Until the next time I post, which I hope is sooner rather than later, enjoy your sewing!-Julie. 

Lancaster completed and handed over.

With the quilt handed over, I can do the big 'reveal' and show you it finished. I have to admit, when I first had this commission mentioned to me, I immediately thought, what's a Lancaster plane look like?? Well, after a bit of searching on the Internet, I not only found out what they looked like, but also specifically what they were used for. The history of the Lancaster is quite interesting. If you've heard the expression, 'The Dam Busters', you've already ventured into the Lancaster fly zone!
The design brief for this quilt was, 'Can you do a Lancaster plane quilt? 'Can you also include an Oxford and a Tiger Moth?' The rest was left up to me. So with minimal details, in my head I set about designing this quilt, that would eventually end up on an ex Lancaster pilots bed.
With the Lancaster to go as the central plane on the front and the other two to be incorporated as a small design on the back, I had to find a secondary picture that would become the background imagery behind the Lancaster.

I decided it would be appropriate to depict a dam, as the Lancaster was used specifically for bombing dams. Without wanting that part of the picture to overshadow the plane, I thread painted the dam onto the quilt. I think I have found a new love with thread painting. But boy, do you go through the thread at a rapid pace with this technique!!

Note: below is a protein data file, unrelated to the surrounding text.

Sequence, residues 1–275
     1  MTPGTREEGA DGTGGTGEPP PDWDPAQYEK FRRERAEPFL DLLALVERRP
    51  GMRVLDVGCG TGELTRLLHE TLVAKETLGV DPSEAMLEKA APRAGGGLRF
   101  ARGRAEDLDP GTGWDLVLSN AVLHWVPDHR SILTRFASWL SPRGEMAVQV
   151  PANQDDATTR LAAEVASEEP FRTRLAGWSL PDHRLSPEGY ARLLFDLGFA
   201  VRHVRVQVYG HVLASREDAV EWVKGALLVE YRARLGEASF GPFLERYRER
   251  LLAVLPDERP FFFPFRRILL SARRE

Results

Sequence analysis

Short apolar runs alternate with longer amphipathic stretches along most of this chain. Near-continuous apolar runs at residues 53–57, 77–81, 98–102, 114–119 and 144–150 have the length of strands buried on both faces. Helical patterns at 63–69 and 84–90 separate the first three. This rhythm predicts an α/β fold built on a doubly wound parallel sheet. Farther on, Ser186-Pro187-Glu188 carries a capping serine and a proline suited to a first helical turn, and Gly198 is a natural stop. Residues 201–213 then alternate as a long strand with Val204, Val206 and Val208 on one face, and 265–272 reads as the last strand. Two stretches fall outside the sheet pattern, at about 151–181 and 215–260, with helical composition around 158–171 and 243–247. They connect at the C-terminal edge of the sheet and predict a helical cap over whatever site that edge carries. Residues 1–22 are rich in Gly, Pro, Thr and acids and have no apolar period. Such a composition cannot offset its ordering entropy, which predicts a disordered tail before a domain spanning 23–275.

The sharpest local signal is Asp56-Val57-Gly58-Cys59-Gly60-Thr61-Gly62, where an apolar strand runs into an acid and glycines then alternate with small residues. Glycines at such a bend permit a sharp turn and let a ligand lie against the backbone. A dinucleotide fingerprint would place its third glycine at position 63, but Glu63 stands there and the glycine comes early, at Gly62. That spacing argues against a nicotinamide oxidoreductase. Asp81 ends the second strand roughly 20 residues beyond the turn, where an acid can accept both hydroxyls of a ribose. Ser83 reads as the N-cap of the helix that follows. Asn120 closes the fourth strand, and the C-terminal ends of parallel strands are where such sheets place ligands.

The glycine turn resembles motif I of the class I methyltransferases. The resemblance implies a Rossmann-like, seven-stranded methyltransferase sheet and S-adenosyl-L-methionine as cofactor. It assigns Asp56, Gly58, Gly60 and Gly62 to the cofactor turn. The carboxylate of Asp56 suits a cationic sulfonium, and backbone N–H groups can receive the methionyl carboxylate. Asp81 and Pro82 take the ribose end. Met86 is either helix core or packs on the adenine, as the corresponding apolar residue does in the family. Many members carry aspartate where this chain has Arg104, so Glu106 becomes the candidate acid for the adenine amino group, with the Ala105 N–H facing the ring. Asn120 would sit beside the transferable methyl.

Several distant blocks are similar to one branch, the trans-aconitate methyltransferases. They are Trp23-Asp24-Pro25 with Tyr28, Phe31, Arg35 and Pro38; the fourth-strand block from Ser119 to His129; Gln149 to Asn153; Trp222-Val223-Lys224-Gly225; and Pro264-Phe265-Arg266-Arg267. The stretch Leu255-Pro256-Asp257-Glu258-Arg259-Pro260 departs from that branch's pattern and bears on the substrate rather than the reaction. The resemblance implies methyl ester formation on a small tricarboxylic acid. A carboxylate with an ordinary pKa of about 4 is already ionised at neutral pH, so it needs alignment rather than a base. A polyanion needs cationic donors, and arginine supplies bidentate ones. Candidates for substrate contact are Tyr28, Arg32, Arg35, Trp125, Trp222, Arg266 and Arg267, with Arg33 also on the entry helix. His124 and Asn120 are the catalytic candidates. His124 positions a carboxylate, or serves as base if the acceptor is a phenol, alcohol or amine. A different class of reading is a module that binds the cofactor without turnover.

Some other details I added to personalise it, were the gentleman's name, rank and serial number.
From the start of the making of this quilt, I had decided that I would 'grubby' up the background. I did have someone express their concerns about this phase of the quilt making, but when I actually mentioned it to the man that commissioned it he said, 'Do whatever you need to. I know you know what your doing'. With that assurance of confidence in my idea, I got right into turning that stark background into something a bit more real with colour. The Inktense pencils, were the easiest way for me to do it, as I'm no painter naturally. I really like the affect it has given the dam wall. Makes it more 3D like.

It's a bit hard to see, but all that quilting did make a picture on the back. When I handed over the quilt, the gentleman that had ordered it said, 'Wow, look, there's even a picture on the back!' And then he noticed the flying planes and clouds at the top. The cream square you see is the label where the details of the gift were written by the family that commissioned this quilt. The RAAF, while easily seen from the back, is only hinted at on the front.
I have to admit, this quilt stretched my idea base, as I had not previously done before such a specific masculine quilt. And the reward was, the day after this quilt was handed over, I received a lovely text message from the gentleman that commissioned it expressing his appreciation for the work done. (which is always a relief, when you know they actually did like it and weren't just saying it)
That's it for now, onto the next project.-Julie.

Inked and drying..